“The MinoHD remains the kind of camcorder you will only likely use for short clips...”
- Lightweight; ultra-slim and pocketable; excellent detail in videos; incredibly intuitive
- No image stabilization; poor color; pricey for its features
The company that pioneered the pocket-sized flash video camera has taken it a step further with the MinoHD, a pint-sized camcorder that shoots 720p high-def video, in a case that’s no bigger than the original, super-slim Mino. But can a camera that’s smaller than a pack of cigarettes really deliver on the promise of HD quality? Consider us quite surprised. But at $230, it’s no bargain.
Features and Design
As mentioned, the MinoHD comes in the exact same form factor as the original Mino, which measures roughly four inches tall, two wide, and 0.63 inches deep. Front pocket, back pocket, even hipster-jean pockets, it will fit. It’s also lighter than many cell phones, with a weight of just 94 grams.
A 1.5-inch screen built into the back supplies a rough cut of the footage you’re shooting, while all the controls are immediately accessible by thumb below.
One of Flip’s most well-known features are its built-in USB connectors, which eliminate the need to carry any cables. The MinoHD has one that pops out of the top like a switchblade when you tug the release switch on the side of the unit. It’s mounted fairly well, which it needs to be, since it supports the full weight of the camera once plugged in.
Though our Mino came in gloss black, Flip actually offers a number of style options. You can choose from a handful of colors and designs, build your own using a pattern generator, or even upload a photo and have it slapped on the front of your MinoHD.
The first generation of Flip cameras catered to amateur videographers who just wanted a cheap and simple way to upload assorted clips from their lives to YouTube with minimal hassle. Though the hardware has improved, the process hasn’t needed to. Just hit the side power button and press the giant record button on the front, and you’re capturing footage. Pop out the USB connector, plug it into a free jack on your computer, and you’re ready to transfer it to the computer. It truly can’t get much simpler.
Video quality is a mixed bag. If you’re expecting the performance of a $1,100 Sony camcorder, move on now. If you’re expecting the muddy mess that passes for cell phone video, you’ll be blown away. The 720p footage captured by the MinoHD captures an amazing amount of detail for its size. Point it out the second-story window of a parking lot and you can count the spokes on the wheels of distant cars. Point it across the room and you can read the month from a wall calendar. Point at it your friends, and they’ll cringe and swear when they see it played back in full resolution. If this camera lacks anything it isn’t resolution.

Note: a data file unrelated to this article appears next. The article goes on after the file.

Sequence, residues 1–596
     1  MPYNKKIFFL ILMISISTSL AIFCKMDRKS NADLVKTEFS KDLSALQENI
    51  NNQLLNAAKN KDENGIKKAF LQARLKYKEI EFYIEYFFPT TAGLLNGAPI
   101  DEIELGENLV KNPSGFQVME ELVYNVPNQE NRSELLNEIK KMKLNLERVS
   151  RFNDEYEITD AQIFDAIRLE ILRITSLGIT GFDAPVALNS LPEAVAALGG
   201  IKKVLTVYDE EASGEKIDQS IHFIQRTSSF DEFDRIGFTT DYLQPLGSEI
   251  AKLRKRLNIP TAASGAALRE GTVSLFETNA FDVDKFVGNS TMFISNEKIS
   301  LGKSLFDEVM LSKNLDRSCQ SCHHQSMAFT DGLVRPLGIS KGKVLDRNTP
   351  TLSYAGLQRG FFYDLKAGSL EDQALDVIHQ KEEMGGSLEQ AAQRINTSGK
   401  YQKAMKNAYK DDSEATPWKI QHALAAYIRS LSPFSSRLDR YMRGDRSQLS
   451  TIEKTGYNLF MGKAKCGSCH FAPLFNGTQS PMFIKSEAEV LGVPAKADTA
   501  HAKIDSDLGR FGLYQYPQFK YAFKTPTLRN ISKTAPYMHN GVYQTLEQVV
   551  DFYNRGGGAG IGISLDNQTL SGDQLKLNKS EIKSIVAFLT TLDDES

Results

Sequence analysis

That said, it does suffer from some of the other problems small cameras typically have. Color isn’t anything to write home about, and you’ll frequently encounter blown out highlights and inky black shadows as the camera struggles to manage exposure.
Motion can also be a problem – though it’s as much a user issue as it is one with the hardware. Handling such a tiny little camera just makes it incredibly tough to keep it still. You’ll have to brace the camera against solid objects and make a point to pan extremely slowly if you hope to shoot footage that won’t induce motion sickness. Trying to follow a target while you walk takes some serious practice – and a funny gait, too.
Though that’s all a matter of skill to be mastered with using the camera, Flip hasn’t done much to help, either. The MinoHD has no image stabilization – optical or digital – to smooth out those bumps and bobs. So while your best videos will be punctuated with moments of extreme clarity, the worst moments will be a whir of motion and blurriness.
Since the camera also has a fixed focus of one meter to infinity, you’ll also be unable to shoot any detailed macros.
Flip Mino HD
Flip makes it easy to do basic photo management with its FlipShare software, which can be installed right from the camera. You can use it pull clips from the camera, publish them online, e-mail them, and even do basic editing, like adding titles, fades, music and credits. It was completely intuitive to use for us, and though it doesn’t offer many advanced options, that’s also a strongpoint, since it’s hard to get lost or confused using it.
Flip Mino HD
Though image quality has taken a dramatic step forward from previous Flip camcorders, the MinoHD remains the kind of camcorder you will only likely use for short clips and capturing tomfoolery due to its lack of adjustability and real camcorder features, like focus and zoom. That said, its image quality took us completely off guard for the size and weight of the camera, and now that YouTube accepts clips in 720p, all that detail will reach your final audience, too. But with a price tag of $230, a point-and-shoot cam with similar 720p video capabilities might be a better investment. You can pick up Kodak’s V1253, for instance, for $250, and it will shoot 12-megapixel stills, too.
- Ultra-slim and pocketable
- Excellent detail in videos
- Incredibly intuitive
- No image stabilization
- Poor color
- Pricey for its features
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